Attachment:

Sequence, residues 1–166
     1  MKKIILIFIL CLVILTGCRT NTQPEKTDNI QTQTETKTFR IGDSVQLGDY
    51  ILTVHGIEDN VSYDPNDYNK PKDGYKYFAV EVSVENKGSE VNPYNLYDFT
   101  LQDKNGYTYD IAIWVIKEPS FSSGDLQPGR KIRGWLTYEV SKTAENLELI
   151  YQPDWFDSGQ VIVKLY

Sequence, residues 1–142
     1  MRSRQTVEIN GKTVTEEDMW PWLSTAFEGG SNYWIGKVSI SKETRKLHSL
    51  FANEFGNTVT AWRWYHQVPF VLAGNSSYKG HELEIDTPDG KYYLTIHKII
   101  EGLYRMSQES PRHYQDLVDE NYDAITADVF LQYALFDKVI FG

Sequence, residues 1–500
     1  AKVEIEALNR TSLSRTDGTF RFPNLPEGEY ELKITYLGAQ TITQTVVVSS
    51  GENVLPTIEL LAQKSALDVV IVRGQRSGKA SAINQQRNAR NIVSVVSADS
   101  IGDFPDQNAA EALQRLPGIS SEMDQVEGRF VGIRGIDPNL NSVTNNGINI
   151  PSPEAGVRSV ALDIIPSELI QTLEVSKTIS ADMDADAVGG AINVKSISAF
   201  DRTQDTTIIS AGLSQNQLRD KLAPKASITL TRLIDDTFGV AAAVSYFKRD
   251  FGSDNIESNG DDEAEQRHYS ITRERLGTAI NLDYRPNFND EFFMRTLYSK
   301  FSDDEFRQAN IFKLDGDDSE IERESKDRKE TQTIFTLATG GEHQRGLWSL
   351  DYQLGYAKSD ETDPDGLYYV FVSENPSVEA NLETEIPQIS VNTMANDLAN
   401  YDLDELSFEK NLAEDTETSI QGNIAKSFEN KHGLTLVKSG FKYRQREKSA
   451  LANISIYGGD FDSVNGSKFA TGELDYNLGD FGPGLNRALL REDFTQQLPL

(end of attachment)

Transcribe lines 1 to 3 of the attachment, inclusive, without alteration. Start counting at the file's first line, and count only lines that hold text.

Sequence, residues 1–166
     1  MKKIILIFIL CLVILTGCRT NTQPEKTDNI QTQTETKTFR IGDSVQLGDY
    51  ILTVHGIEDN VSYDPNDYNK PKDGYKYFAV EVSVENKGSE VNPYNLYDFT